The U.S. Geological Survey, as part of technical assistance to the U.S. Environmental Protection Agency, has constructed and calibrated models of local-scale ground-water flow in and near Lansdale, Pa., where numerous sources of industrial contamination have been consolidated into the North Penn Area 6 Superfund Site. The local-scale models incorporate hydrogeologic structure of northwest-dipping beds with uniform hydraulic properties identified in previous studies. Computations associated with mapping the dipping-bed structure into the three-dimensional model grid are handled by a preprocessor using a programmed geographic information system (GIS). Hydraulic properties are identified by calibration of the models using measured water levels during pumping and recovery from aquifer tests at three sites. Reduced flow across low-permeability beds is explicitly simulated. The dipping high-permeability beds are extensive in the strike direction but are of limited extent in the dip direction. This model structure yields ground-water-flow patterns characteristic of anisotropic aquifers; preferred flow is in the strike direction. The transmissivities of high-permeability beds in the local-scale models range from 142 to 1,900 ft2/d (feet squared per day) (13 to 177 m2/d). The hydraulic conductivities of low-permeability parts of the aquifer range from 9.6 x 10-4 to 0.26 ft/d (feet per day) (2.9 x 10-4 to 0.079 m/d). Storage coefficients and specific storage are very low, indicating the confined nature of the aquifer system. The calibrated models are used to simulate contributing areas of wells under alternative, hypothetical ground-water-management practices. Predictive contributing areas indicate the general characteristics of ground-water flow towards wells in the Lansdale area. Recharge to wells in Lansdale generally comes from infiltration near the well and over an area that extends upgradient from the well. The contributing areas for two wells pumping at 10 gal/min (gallons per minute) extend about 1,500 ft (feet) upgradient from the wells. The contributing area is more complex at ground-water divides and can extend in more than one direction to capture recharge from more than 3,300 ft away, for pumping at a rate of 30 gal/min. Locally, all recharge in the area of the pumping well is not captured; recharge in the downgradient direction about 150 ft from the pumping well will flow to other discharge locations.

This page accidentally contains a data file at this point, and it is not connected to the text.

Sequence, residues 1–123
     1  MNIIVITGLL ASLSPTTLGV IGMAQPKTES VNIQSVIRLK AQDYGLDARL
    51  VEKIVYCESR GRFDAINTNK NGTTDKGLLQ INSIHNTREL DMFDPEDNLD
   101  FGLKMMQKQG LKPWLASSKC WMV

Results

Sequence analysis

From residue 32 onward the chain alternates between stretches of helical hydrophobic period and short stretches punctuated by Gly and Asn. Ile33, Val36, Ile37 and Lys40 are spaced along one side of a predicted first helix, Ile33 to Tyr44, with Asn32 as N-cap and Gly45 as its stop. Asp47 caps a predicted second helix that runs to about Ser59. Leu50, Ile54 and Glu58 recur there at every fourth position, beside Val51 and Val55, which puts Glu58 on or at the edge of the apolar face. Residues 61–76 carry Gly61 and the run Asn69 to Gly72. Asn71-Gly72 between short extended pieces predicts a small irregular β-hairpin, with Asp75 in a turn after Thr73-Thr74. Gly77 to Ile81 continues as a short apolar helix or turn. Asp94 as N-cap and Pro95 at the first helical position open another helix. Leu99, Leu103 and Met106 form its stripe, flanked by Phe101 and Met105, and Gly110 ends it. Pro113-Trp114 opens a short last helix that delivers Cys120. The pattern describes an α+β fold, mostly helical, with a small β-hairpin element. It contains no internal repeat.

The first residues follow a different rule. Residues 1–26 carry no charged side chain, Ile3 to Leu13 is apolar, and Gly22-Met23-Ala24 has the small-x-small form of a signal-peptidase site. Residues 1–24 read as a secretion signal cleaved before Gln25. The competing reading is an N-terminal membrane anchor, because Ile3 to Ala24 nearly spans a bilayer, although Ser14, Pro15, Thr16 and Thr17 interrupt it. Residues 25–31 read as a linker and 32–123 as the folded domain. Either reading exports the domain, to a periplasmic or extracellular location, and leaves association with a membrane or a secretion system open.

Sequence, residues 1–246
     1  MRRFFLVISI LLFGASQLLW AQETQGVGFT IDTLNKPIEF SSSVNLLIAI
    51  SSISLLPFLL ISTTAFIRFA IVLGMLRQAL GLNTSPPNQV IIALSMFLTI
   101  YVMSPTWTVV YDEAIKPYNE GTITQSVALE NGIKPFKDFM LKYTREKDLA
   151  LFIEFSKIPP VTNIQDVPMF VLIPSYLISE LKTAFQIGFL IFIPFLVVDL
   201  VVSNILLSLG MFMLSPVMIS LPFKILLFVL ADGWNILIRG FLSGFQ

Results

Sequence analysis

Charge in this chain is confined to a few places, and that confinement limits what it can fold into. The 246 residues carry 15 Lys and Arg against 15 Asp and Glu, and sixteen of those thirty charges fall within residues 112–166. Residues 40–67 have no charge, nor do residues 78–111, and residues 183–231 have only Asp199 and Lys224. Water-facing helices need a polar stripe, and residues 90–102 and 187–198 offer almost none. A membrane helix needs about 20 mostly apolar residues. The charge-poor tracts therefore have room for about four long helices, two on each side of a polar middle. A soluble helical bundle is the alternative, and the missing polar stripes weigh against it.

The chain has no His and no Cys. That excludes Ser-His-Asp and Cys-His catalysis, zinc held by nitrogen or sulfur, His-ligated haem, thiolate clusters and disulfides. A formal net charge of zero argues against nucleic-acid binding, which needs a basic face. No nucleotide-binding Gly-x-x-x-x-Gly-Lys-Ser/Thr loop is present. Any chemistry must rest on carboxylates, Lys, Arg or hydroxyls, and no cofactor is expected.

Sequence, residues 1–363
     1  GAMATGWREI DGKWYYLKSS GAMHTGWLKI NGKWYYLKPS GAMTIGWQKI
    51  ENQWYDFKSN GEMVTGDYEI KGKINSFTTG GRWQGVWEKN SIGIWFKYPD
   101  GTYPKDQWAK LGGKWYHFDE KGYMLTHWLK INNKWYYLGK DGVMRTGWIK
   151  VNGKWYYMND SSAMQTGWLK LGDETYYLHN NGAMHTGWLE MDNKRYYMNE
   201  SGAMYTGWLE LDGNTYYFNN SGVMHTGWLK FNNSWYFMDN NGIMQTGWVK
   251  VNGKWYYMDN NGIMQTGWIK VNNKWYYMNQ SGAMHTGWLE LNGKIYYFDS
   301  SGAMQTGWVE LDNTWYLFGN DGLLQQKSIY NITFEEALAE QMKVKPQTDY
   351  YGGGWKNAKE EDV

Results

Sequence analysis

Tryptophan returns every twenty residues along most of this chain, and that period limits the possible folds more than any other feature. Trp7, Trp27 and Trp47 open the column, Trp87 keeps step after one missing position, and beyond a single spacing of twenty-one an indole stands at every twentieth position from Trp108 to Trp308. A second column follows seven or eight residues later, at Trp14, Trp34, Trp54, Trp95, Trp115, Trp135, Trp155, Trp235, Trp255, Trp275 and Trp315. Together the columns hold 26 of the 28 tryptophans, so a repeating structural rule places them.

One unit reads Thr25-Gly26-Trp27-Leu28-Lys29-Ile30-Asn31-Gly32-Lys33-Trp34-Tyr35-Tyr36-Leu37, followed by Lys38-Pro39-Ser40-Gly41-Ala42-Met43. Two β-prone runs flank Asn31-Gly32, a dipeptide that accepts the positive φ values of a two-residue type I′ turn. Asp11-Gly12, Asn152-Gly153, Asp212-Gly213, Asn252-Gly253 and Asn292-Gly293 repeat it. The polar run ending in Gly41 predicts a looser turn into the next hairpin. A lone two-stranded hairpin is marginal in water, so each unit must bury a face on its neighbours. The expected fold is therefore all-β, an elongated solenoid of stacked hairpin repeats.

Additional publication details
USGS Numbered Series
Simulation of aquifer tests and ground-water flowpaths at the local scale in fractured shales and sandstones of the Brunswick Group and Lockatong Formation, Lansdale, Montgomery County, Pennsylvania
U.S. Department of the Interior, U.S. Geological Survey ;
Branch of Information Services [distributor],